Muslim community want answers in police death of Somali man
Demands for answers and better police training were mixed with tears and sorrow as family, friends and members of Ottawa’s tight-knitted Muslim community memorialized a Somali-Canadian man who died after a confrontation with police.
There were also cries for justice Friday from among the overflow of mourners at the funeral service for 37-year-old Abdirahman Abdi, who was taken down by police officers on a sidewalk following a disturbance call last Sunday.
“We all have many questions, but we are trying to be as patient as possible as the investigation continues,” Abdi’s family said in a statement read by Imam Sikander Hashmi. “We need answers.” Community leaders including Ottawa Mayor Jim Watson and Ontario cabinet minister Bob Chiarelli urged patience as the province’s Special Investigations Unit examines the circumstances of Abdi’s death.
“This is a time for grieving and not finger-pointing,” Watson said outside the service. “I think what we have to do is allow the SIU to take the time that’s necessary to do a full and thorough report ... and let the judicial system take its course.”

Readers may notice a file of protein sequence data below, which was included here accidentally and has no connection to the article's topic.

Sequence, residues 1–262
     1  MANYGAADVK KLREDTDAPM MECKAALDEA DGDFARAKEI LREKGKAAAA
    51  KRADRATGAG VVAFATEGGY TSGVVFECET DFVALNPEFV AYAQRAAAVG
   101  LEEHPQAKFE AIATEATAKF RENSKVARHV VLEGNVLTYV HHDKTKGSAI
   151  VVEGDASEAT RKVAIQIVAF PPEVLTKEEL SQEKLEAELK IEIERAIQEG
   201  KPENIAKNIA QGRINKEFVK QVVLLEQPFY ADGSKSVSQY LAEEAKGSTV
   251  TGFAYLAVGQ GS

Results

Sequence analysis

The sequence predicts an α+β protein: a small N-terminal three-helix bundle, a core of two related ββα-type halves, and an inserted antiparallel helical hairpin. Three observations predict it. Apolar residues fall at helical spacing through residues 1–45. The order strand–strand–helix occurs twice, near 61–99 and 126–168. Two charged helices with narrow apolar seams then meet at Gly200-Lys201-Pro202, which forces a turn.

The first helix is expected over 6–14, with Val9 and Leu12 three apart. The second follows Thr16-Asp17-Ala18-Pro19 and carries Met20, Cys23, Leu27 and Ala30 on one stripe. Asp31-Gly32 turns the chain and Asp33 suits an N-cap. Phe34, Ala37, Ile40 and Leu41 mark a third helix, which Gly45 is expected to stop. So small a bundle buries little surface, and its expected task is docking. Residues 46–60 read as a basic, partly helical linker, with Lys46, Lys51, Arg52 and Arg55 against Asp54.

An Ottawa mosque, with a capacity of 2,000 people, was overflowing for the service with dozens of mourners forced to kneel and pray on the sidewalk in front of the building. Naeem Malik, president of the Ottawa Muslim Association, said the community turned out in solidarity.
“The family needs our support, because they are not only Somali, they are Muslim,” he said. “So we are here with them.” Abdi’s death struck the community hard, said Farhat Rehman of the Canadian Council of Muslim Women, who worried about how the circumstances would affect police-community relations.
“I think it’s touched a nerve,” she said. “People are very hypersensitive to (police interaction) issues right now.”
Ontario’s SIU said there was a “confrontation” outside an apartment building down the street from where Abdi lived with his family and he suffered medical distress.
Several dozen people gathered for a vigil in Montreal on Thursday night, saying Abdi’s death highlights a widespread culture of police brutality that disproportionately victimizes people who are black or mentally ill.
The Canadian Association of Somali Lawyers, a national organization representing Somali-Canadian lawyers from across the country, has said the incident is part of a larger pattern.
A mourner reacts at an Ottawa Mosque on Friday, after the funeral of Abdirahman Abdi, who died afer an altercation with Ottawa police Sunday.